Next, familiarize yourself with the foods that should be avoided during pregnancy.2

  • Fish high in mercury – swordfish, king mackerel, tile fish and shark.  Limit canned white tuna, albacore tuna and tuna steak to 6 ounces a week.
  • Undercooked or raw seafood like sushi and sashimi, and ceviche.
  • Undercooked poultry, eggs and red meat.  Cook all red meats, poultry and eggs fully.  This means no runny yolks and no rare steaks and burgers.  If you are eating processed lunch meats, you must microwave them until steaming or avoid them completely. Avoid Caesar dressings and hollandaise sauce since they may contain raw egg yolks.
  • Unpasteurized soft cheeses like brie, feta, camembert and bleu cheese.

If you experience morning sickness, it’s best to have a few tricks and tips for keeping the nausea at bay.  Despite its name, morning sickness can happen at any time of the day.  Your best defense is to stick to an eating schedule because an empty stomach triggers nausea during pregnancy. Try to eat small, frequent, easy-to-tolerate meals. If you are having trouble keeping food and drinks down, you’ll need to contact your doctor as dehydration can become a problem and certain anti-vomiting medications can be prescribed.  Helpful tips for dealing with nausea:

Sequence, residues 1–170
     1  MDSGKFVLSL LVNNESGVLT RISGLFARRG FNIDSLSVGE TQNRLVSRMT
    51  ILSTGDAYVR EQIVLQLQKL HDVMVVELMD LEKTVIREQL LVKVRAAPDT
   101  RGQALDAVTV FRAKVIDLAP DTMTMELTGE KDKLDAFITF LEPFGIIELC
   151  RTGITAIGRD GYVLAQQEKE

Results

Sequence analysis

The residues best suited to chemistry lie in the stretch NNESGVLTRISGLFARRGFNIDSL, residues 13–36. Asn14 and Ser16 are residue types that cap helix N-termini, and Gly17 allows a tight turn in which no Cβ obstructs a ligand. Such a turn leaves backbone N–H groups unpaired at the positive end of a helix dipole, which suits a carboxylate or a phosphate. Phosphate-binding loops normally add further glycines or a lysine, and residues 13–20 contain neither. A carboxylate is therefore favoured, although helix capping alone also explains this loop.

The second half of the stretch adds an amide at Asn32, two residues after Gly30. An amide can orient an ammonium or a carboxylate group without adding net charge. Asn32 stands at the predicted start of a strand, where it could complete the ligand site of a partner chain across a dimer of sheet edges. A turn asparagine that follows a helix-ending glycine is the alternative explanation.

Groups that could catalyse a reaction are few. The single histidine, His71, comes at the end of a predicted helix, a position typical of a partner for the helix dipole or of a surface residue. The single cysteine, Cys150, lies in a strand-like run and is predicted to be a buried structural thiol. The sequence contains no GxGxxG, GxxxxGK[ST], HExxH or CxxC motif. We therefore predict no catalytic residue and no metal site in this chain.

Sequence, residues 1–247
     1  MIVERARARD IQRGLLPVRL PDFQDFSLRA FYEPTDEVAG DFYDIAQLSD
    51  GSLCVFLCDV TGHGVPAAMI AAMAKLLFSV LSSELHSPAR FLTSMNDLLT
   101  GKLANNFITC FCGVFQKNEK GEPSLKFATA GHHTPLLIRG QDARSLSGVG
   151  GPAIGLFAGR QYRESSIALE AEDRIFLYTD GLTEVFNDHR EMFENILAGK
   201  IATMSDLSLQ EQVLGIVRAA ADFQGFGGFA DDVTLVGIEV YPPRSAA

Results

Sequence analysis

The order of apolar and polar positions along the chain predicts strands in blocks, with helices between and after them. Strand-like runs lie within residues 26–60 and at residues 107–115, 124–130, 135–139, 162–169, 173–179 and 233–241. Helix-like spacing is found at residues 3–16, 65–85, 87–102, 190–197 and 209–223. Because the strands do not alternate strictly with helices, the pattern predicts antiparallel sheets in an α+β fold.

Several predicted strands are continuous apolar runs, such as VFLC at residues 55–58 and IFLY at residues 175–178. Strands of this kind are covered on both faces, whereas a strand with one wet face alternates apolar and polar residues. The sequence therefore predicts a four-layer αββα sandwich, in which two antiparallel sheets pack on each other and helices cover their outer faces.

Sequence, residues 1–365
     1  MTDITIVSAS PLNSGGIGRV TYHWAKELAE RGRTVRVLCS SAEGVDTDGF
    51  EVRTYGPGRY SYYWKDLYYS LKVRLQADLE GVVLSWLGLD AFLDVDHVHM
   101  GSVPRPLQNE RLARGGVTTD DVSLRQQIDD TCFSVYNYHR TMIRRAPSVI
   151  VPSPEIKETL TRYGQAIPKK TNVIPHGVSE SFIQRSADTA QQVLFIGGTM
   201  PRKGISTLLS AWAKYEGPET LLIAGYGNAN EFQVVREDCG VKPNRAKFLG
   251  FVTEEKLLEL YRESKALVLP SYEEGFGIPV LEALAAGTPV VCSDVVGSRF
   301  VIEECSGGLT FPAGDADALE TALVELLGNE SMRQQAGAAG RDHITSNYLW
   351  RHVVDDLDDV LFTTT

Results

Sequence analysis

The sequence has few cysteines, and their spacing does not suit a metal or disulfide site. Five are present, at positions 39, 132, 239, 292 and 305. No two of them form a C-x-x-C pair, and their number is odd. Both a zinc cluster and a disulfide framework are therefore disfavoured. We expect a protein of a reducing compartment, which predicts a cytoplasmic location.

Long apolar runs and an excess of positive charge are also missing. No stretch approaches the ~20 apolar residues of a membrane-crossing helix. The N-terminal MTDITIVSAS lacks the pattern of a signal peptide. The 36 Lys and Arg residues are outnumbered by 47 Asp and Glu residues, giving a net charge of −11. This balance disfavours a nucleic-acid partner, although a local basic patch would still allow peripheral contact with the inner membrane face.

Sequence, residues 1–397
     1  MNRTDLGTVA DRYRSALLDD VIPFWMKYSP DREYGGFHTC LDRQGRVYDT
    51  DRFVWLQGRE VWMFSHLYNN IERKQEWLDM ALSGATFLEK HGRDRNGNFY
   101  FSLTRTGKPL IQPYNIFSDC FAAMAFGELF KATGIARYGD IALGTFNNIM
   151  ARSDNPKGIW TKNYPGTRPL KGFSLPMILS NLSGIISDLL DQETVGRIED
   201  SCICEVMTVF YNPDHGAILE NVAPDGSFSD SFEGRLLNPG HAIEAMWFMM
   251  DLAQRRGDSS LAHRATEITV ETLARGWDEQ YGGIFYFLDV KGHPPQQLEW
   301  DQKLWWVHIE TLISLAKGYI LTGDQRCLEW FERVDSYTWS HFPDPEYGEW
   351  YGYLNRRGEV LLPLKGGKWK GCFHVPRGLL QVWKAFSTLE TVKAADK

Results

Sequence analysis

• Sip on ginger tea or ginger ale
  • Dry crackers by bedside can help if you feel nausea during the night
  • Cold water with lemon

 Second Trimester: Weeks 13-27

Feeling better yet?  Your appetite might be coming back along with your energy.  The second trimester is a great time because many of your pregnancy symptoms start to disappear.  However, this is when you may begin to experience pregnancy cravings.  During pregnancy you will need to some extra calories, but “eating for two” is a myth.  The American Board of Pregnancy recommends adding an extra 300 extra calories y.  What exactly does 300 calories mean?  Try a peanut butter and jelly sandwich on whole-wheat bread, a Greek yogurt with sliced almonds and fruit, or a smoothie made with fruit and low-fat milk. 

Keep in mind the guidelines for recommended weight gain during pregnancy: In general weight gained in the first trimester is 1-5lbs, and then it is about 1-2lbs per week in the second trimester, and 1-2lbs per week in the third. 3

  • 25-35 pounds if you were a healthy weight before pregnancy, with a BMI of 18.5-24.9